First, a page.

I know that even before God created man, He knew man would sin, so He already had a plan of redemption in place. I just never thought that there was more to it than that. Until last Sunday.
As you know, last Sunday was Easter, and as the sermon began, I was reminded that Christ’s death, burial, and resurrection were at the time of the Jewish Passover—that remembrance celebration of Israel’s deliverance out of bondage from Egypt—when the Lord passed through all of Egypt killing every first-born male of man and cattle.
BUT . . .
The Israelites were told to kill a lamb and apply its blood to the sides and tops of the door frames and then hunker down for the night. After midnight, when the Lord passed through the land of Egypt to kill the firstborn, He would “passover” those homes with the blood. The blood sacrifice would save them and Egypt, crushed by the death of their first-borns, would demand Israel leave.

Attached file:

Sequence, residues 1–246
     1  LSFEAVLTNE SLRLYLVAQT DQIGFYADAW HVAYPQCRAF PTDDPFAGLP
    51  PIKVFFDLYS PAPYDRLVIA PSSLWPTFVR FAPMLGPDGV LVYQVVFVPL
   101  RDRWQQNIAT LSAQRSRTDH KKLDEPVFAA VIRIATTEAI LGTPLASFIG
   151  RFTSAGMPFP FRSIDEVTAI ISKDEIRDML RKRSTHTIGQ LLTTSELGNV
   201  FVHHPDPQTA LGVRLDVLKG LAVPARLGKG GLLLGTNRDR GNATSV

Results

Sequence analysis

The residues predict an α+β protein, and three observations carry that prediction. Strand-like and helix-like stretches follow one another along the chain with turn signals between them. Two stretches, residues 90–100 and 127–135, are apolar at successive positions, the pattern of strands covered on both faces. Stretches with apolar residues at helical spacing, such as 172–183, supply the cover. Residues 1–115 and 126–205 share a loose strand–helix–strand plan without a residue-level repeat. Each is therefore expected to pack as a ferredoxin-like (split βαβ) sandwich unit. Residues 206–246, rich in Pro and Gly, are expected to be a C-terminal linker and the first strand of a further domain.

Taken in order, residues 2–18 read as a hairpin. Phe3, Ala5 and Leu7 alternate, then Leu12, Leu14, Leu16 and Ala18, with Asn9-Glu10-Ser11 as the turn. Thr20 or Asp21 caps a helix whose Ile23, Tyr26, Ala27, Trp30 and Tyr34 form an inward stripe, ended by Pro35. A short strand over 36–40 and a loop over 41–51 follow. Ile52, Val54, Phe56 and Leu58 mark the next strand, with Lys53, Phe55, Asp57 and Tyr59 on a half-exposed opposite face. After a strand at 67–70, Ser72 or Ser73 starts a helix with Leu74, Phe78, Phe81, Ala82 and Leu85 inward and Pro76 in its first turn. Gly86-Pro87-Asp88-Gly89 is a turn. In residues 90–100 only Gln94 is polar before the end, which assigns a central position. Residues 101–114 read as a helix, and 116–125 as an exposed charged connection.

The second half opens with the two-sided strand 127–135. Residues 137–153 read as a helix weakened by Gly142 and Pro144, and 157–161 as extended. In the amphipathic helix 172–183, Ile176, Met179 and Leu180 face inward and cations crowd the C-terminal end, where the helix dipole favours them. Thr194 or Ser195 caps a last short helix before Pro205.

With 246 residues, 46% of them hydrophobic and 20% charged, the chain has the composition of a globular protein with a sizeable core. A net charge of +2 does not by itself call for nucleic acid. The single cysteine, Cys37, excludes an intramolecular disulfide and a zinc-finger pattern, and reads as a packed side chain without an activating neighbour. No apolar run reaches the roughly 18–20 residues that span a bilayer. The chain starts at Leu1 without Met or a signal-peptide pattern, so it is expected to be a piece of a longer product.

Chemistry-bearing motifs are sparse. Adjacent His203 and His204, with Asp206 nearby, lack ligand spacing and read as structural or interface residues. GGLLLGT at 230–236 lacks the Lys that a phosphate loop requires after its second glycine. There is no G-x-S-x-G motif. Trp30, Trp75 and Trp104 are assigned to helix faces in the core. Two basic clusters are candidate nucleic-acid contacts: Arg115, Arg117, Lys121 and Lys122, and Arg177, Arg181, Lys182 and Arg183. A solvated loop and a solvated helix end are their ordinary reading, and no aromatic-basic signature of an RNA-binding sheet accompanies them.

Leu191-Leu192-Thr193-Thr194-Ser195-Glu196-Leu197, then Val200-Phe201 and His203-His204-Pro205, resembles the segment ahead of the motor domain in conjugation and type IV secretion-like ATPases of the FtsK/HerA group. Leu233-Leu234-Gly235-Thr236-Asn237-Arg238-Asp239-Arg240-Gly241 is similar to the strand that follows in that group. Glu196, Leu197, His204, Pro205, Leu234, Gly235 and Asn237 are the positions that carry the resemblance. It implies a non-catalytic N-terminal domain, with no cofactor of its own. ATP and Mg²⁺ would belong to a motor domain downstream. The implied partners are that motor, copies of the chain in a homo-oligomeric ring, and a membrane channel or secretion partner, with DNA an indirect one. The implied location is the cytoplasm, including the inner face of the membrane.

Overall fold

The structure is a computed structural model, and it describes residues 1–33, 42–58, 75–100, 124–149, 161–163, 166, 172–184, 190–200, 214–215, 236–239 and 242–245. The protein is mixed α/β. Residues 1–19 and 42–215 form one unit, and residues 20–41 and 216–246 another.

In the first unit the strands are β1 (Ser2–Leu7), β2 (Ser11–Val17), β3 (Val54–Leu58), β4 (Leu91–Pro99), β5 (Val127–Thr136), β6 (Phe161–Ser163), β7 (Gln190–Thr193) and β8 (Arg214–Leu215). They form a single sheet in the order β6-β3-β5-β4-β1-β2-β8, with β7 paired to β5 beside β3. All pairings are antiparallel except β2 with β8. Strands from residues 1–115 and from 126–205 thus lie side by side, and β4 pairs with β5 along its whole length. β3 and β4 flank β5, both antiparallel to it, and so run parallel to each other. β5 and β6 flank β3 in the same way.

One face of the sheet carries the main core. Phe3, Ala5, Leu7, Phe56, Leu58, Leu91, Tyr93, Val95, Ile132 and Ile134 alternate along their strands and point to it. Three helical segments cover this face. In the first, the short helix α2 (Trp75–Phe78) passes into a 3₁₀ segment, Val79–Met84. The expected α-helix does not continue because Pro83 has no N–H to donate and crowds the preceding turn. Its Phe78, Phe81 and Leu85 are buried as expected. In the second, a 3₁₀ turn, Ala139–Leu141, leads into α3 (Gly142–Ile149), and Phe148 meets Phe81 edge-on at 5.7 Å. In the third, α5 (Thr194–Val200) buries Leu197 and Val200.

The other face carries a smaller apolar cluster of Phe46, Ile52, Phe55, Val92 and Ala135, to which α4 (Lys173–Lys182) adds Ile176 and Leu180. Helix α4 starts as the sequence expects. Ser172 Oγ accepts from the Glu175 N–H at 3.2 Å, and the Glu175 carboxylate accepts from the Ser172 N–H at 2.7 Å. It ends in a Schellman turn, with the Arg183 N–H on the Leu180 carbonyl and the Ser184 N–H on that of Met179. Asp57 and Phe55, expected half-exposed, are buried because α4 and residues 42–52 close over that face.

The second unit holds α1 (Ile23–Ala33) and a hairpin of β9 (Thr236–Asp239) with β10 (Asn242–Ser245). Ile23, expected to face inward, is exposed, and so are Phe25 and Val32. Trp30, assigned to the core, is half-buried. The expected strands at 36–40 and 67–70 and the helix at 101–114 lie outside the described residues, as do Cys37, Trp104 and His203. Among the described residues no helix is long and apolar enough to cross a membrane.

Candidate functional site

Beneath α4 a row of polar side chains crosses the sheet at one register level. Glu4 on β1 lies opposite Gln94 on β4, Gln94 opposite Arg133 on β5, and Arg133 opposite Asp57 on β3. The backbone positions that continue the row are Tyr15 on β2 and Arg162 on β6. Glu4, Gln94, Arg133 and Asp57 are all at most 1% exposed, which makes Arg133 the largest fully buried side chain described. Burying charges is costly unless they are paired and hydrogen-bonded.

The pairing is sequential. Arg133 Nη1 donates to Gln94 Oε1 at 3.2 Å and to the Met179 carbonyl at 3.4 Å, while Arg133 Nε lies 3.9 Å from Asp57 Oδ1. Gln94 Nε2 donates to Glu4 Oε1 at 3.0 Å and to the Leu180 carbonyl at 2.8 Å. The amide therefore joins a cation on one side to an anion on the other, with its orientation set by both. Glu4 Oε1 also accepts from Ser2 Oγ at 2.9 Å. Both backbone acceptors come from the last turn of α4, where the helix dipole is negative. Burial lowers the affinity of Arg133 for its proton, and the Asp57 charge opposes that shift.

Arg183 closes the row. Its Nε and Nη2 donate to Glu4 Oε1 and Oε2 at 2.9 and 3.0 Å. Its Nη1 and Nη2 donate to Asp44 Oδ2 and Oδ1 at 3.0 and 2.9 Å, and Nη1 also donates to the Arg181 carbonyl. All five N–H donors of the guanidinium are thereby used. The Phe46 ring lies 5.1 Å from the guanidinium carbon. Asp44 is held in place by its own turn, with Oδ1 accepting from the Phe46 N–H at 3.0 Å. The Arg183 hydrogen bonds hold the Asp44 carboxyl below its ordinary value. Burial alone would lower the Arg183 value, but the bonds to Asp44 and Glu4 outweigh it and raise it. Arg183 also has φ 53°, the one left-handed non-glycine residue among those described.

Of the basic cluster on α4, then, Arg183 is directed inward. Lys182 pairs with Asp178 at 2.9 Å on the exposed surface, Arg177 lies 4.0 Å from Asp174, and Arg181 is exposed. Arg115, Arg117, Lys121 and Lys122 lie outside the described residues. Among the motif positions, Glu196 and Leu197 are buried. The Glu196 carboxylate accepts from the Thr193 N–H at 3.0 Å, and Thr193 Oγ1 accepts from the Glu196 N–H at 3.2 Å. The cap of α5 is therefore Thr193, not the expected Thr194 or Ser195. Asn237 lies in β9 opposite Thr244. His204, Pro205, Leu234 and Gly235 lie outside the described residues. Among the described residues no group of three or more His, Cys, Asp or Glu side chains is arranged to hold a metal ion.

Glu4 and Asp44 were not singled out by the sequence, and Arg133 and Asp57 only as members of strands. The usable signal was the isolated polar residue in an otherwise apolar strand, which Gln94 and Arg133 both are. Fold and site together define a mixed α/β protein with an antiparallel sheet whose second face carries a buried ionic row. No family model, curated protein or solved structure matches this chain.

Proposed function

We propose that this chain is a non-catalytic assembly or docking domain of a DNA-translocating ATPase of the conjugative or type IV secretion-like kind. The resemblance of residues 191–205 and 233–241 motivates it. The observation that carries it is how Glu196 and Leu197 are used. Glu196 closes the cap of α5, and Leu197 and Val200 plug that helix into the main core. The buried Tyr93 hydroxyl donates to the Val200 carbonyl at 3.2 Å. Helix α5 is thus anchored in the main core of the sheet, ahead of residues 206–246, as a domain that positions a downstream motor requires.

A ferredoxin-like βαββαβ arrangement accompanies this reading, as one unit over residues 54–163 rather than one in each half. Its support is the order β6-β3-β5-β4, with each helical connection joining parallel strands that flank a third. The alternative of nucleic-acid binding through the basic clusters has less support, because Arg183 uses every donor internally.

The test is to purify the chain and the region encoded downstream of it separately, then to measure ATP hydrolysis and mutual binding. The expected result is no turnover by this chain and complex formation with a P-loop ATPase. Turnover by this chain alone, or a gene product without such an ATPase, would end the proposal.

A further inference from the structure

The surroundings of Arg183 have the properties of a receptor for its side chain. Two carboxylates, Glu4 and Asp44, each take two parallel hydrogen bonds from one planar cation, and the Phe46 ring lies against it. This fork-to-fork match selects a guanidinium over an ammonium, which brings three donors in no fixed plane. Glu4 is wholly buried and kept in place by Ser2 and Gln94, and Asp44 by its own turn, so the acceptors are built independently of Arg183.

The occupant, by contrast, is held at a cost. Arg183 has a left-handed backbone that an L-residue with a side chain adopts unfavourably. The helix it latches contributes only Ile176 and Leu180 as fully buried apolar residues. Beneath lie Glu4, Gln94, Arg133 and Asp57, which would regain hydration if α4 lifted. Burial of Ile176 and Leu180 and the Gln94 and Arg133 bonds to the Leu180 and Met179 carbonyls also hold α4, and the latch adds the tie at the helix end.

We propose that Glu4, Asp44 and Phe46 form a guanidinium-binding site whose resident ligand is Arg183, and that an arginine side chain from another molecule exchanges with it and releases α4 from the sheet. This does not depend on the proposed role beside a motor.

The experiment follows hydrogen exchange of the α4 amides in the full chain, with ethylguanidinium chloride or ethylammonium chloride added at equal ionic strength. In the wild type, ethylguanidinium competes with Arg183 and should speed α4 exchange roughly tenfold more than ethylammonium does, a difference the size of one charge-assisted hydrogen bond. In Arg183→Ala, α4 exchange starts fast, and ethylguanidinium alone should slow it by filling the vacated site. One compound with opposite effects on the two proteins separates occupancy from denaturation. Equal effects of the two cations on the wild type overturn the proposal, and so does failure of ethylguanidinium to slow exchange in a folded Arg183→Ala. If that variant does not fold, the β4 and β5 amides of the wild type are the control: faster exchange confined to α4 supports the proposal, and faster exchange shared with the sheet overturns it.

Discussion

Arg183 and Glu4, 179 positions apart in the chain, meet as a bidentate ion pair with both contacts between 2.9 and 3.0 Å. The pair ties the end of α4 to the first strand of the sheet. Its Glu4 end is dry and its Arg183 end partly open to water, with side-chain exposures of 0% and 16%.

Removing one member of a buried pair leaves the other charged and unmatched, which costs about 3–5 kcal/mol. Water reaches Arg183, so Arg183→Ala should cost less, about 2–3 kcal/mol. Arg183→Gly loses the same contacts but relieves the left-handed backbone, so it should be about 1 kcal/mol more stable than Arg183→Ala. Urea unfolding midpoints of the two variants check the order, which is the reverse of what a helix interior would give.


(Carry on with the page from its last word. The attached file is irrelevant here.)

So it made sense that Christ’s crucifixion and resurrection would be at the time of the Jewish Passover, for just as blood delivered one nation, Christ’s blood offered deliverance from bondage for an entire world for all eternity for everyone who accepted that blood sacrifice.
BUT . . .
I hadn’t quite realized why Passover was when it was—until I remembered that there are “no coincidences.”
Passover is always in the spring,—during the Jewish month of Nisan, and Spring is considered the season of rebirth—for that is exactly what Easter celebrates—our new lives in Christ because of what Christ did. We are a “new creation” (2 Corinthians 5:17).
It shouldn't surprise me that the God who breathed us into existence, knew of our rebellion, created the seasons, and planned our redemption would do so so perfectly.
My Amish perpetual calendar had this saying on March 23: “Spring shows what God can do with a drab and dirty world.”
It certainly is, but Spring is also a reminder of what He can do with soiled and sinful souls.